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The Ninth Circuit granted the petition for review of the BIA's decision agreeing with the IJ that petitioner's convictions were crimes involving moral turpitude (CIMTs) and that she was not entitled to cancellation of removal. The panel concluded that petitioner's convictions are not CIMTs and therefore she was not removable under 8 U.S.C. 1227(a)(2)(A)(ii).In 2010, petitioner was convicted of solicitation to possess for sale less than two pounds of marijuana, in violation of Ariz. Rev. Stat. 13-1002 (solicitation), 13-3405(A)(2) (possession for sale), and (B)(4) (less than two pounds). Shortly thereafter, petitioner was convicted of offering to transport less than two pounds of marijuana for sale, in violation of Ariz. Rev. Stat. 13-3405(A)(4) (offer to transport) and (B)(10) (less than two pounds). The panel concluded that Arizona Revised Statutes 13-3405(A)(4), which prohibits certain conduct relating to marijuana, is overbroad and divisible; petitioner's section 13-3505(A) convictions, which involved categories in the statute involving the smallest quantity of marijuana, were not CIMTs; and petitioner was therefore not removable. View "Walcott v. Garland" on Justia Law

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The Ninth Circuit denied a petition for review of the BIA's decision dismissing petitioner's appeal of the IJ's order pretermitting his application for cancellation. The BIA held that petitioner failed to establish that he had not been convicted of offenses with an aggregate sentence of at least 5 years.The panel concluded that the phrase "an offense" in 8 U.S.C. 1229b(b)(1)(C) includes the multiple criminal convictions described in 8 U.S.C. 1182(a)(2)(B) that render an alien inadmissible. The panel rejected petitioner's contention that because the statutory disqualification is phrased in the singular, his multiple offenses do not trigger ineligibility. The panel also rejected petitioner's contention that the BIA erred in finding that his multiple convictions resulted in aggregated sentences of at least five years because the agency relied on the 2013 judgment, a record not clearly related to petitioner. Rather, substantial evidence supports the agency's determination that petitioner did not satisfy his burden to show that he had not been convicted of the qualifying offenses. View "Ramirez-Medina v. Garland" on Justia Law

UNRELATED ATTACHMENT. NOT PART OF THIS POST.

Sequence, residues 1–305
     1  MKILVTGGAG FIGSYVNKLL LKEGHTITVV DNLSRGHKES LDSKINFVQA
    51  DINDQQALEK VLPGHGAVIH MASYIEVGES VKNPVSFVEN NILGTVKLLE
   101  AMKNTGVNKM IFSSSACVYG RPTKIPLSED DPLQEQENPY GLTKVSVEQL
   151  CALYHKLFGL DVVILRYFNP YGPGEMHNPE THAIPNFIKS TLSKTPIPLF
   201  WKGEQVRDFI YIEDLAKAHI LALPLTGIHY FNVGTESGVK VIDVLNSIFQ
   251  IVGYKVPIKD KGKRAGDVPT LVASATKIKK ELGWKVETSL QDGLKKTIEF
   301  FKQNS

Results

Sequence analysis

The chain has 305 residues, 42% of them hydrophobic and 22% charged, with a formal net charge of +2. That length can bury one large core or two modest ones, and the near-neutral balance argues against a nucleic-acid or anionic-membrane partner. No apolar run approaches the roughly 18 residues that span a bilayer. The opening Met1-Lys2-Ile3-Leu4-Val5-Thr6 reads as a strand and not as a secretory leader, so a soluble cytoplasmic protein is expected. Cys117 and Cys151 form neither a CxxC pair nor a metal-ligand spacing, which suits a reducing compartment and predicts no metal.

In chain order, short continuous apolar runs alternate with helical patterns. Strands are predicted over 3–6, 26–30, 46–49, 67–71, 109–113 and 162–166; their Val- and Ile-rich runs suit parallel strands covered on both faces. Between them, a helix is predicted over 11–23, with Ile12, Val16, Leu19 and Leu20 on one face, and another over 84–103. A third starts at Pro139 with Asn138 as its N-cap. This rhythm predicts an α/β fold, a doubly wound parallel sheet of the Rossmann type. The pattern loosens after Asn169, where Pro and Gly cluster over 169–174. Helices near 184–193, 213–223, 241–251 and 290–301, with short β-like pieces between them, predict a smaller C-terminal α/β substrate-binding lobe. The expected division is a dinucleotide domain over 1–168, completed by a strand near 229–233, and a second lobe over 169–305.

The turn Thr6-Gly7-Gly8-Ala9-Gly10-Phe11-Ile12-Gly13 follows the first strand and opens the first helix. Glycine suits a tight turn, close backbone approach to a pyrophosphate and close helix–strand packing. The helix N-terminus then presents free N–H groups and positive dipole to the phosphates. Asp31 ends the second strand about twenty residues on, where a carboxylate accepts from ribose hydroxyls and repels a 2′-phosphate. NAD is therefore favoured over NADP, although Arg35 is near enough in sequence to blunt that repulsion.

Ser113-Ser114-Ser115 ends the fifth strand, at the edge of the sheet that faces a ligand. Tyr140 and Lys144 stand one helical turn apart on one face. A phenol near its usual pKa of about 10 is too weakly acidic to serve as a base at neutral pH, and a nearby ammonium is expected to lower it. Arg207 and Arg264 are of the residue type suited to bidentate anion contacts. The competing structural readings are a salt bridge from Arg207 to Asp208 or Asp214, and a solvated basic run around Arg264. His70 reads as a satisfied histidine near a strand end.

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The Ninth Circuit denied a petition for review, concluding that the BIA sufficiently considered the evidence relevant to petitioner's claim of future torture and announced its decision in terms sufficient to enable a reviewing court to perceive that it has heard and thought and not merely reacted to petitioner's claims. The panel explained that this is all that is required; the agency need not provide a detailed explanation of every argument or piece of evidence in its decision. The panel also concluded that petitioner's due process claim fails for lack of prejudice because substantial evidence supports the BIA's rejection of his Convention Against Torture claim, irrespective of any testimonial inconsistencies. View "Rodriguez-Jimenez v. Garland" on Justia Law

Posted in: Immigration Law
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The panel's order withdrew the opinion filed on September 16, 2021, on remand from the Supreme Court; replaced it with a superseding opinion; and unanimously voted to deny the petition for panel rehearing, and ordered that no further petitions for rehearing or rehearing en banc would be entertained.The panel granted in part and denied in part the petition for review of a decision of the BIA, and remanded, concluding that, in the absence of an opportunity to cross-examine its declarants, the Board erred in relying on a probation report to conclude that petitioner had been convicted of a particularly serious crime. The panel also concluded that the Board did not err in denying petitioner's application for deferral of removal under the Convention Against Torture. The panel remanded for further proceedings. View "Alcaraz-Enriquez v. Garland" on Justia Law